August 7, 2021

Book 5 Release 7.

By aarondkey

Then they were at the road between the field and the sea which brought them back to civilisation where there was a caravan park, a small fairground and a slipway to the sea. They turned their back on these delights and made their way up the hill. On the top there was a lonely shack in a field of green. Inside it was a surprisingly cosy space: sheltered from the strong winds, overlooking the bay and the nature reserve. They found seats by the window and inspected the menu with care.

“We haven’t been here for so long,” Paris said. “But it doesn’t seem to have changed.” She eyed the cakes in the display cabinet by the door and the blackboard covered in specials of the day.

“I will have Ham, Egg and Chips,” Timonthy said, thinking how simple food could be so pleasurable when well cooked but how he would normally scorn somewhere with just these simple selections on offer, untested.

“I’ll have the chicken salad and just some of your chips,” Paris said with a smile.

They ordered, got two coffees, sat and waited, looking out at the view.

“I’ve got a signal now,” Paris said and she looked at her phone. “Oh,” she said and fell silent.

“What is it?” Timonthy asked with a feeling of dread.

“Mum’s wants to know why I’m not working,” she said. There as a pause as the waitress brought their food over and a few second delay as they sorted the table out. “She says she’s coming over,” Paris said quietly with her eyes fixed firmly on her food.

Timonthy didn’t answer straight away. He concentrated on putting the right amount of salt and vinegar on his chips, after piling a portion of them on Paris’s plate.

“She knows you’re with me?” he said doubtfully.

“Yes she does. She says that she can get a ferry straight here more or less. She’ll be here tomorrow.”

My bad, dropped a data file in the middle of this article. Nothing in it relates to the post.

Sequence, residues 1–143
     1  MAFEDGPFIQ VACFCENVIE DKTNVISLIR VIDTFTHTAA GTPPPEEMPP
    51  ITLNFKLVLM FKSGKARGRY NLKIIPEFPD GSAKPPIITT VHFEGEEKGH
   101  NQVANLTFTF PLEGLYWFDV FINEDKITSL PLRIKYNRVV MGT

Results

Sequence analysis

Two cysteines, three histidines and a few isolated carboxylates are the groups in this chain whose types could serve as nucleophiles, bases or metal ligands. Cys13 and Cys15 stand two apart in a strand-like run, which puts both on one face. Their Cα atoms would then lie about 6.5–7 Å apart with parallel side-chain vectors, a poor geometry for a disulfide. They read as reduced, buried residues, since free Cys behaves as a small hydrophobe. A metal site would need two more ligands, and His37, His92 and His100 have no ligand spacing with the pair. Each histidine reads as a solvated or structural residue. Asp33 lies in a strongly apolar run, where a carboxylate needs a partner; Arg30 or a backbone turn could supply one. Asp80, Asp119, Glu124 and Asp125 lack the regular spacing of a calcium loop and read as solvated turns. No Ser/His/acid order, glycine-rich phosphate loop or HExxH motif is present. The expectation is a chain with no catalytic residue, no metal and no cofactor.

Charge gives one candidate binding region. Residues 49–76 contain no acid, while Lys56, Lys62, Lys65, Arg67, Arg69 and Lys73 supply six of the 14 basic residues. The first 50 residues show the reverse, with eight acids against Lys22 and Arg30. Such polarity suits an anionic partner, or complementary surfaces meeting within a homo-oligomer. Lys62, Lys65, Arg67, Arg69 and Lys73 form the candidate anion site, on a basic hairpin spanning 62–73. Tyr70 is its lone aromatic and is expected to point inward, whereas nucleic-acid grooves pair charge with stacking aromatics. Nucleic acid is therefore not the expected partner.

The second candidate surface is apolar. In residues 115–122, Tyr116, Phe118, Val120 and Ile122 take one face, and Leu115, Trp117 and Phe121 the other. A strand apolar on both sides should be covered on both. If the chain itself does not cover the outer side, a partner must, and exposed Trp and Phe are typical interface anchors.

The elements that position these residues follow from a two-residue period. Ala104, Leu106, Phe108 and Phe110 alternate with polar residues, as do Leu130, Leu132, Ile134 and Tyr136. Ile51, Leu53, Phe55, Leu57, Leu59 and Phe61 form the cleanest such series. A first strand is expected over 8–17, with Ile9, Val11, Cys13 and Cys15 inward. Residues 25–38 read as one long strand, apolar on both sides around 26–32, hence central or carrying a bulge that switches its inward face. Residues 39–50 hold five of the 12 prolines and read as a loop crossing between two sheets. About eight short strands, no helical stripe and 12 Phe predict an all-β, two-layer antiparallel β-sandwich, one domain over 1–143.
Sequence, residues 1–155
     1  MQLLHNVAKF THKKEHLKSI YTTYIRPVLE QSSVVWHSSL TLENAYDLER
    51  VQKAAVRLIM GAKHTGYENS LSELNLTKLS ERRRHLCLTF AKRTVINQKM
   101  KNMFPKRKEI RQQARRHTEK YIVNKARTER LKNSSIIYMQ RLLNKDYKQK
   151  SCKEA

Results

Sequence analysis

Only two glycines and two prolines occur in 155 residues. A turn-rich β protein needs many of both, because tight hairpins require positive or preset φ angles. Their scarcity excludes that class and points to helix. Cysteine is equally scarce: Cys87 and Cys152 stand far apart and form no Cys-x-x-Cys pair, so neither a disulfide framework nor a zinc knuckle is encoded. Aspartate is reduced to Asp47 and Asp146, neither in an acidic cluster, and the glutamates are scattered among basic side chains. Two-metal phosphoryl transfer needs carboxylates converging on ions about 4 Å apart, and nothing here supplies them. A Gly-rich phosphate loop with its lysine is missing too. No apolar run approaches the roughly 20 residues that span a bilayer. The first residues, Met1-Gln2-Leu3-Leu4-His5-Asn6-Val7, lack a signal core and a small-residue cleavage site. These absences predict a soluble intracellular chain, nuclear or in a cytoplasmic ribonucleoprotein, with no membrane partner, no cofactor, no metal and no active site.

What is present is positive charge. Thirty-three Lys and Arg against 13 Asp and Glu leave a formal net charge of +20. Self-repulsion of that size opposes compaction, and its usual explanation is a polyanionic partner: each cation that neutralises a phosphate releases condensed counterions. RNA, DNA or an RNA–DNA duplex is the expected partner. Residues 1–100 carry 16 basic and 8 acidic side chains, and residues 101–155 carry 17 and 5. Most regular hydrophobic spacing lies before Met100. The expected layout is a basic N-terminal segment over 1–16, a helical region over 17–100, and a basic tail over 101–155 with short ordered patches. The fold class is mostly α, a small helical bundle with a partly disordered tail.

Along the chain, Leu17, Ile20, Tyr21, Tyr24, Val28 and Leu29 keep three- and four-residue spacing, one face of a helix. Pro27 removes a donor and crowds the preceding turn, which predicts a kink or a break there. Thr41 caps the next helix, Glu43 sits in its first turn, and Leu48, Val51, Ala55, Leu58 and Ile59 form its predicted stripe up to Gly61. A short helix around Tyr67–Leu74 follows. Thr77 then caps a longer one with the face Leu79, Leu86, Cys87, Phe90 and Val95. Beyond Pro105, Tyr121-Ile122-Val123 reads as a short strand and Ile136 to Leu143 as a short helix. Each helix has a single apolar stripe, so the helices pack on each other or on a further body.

She looked at him with such a worried expression that he tried to reassure her.

“I told you your mother cares about you.” Timonthy thought back to the days when being in France meant being somewhere distant, separated from your loved ones for weeks. It was an old fashioned idea he realised,

They ate for a while without talking, each thinking about the past. They had eaten here before when Johnathon was still alive. All five of them crowded around a table, all of them laughing usually at something that Johnathon had said. Stolid was always there, slightly in the background, always there though like a trusty safety net, dull but reassuring.

Timonthy found his mind travelling back to the gym again. One Christmas, Johnathon had tried to interest him in going in there. They stood together in the doorway while Stolid was lifting weights determined not to notice them. Timonthy had considered him while pretending to look at the equipment. Stolid was not the same man he had been when Johnathon first met him. He had lost that first glamour of youth, fresh skin and litheness but what was left was frighteningly attractive. Tastes changes and mature with age he thought: an adaption most useful for constancy. Not that it had ever been useful to him.

He realised with a sudden shock that he had never even realised his tastes had changed. He still looked for youthful glamour while secretly longing for the rugged wisdom of an equal. He meant to think about that when he was back to normality.

Stolid came to the end of his current activity and stood watching them.

“Are you going to join in?” he said slightly mockingly. “I’ve nearly finished.”

“Probably not,” Timonthy had said, viewing the equipment with a degree of suspicion. He had always kept himself fit, he thought, but without the need of all this paraphernalia.

Then he was back in the shack on the hill and Paris was looking at him in a quizzical way.

“I said do you want dessert?” she repeated herself clearly. It seemed that he had allowed his memories to distract him from the current life he was living: a bad habit he knew but he was not always in control of his mind.

“What about you?” he said cautiously. He did not want to deprive her by his refusal but he had little appetite at the moment.

“Shall we share a treacle tart?” she asked sympathetically as if she understood.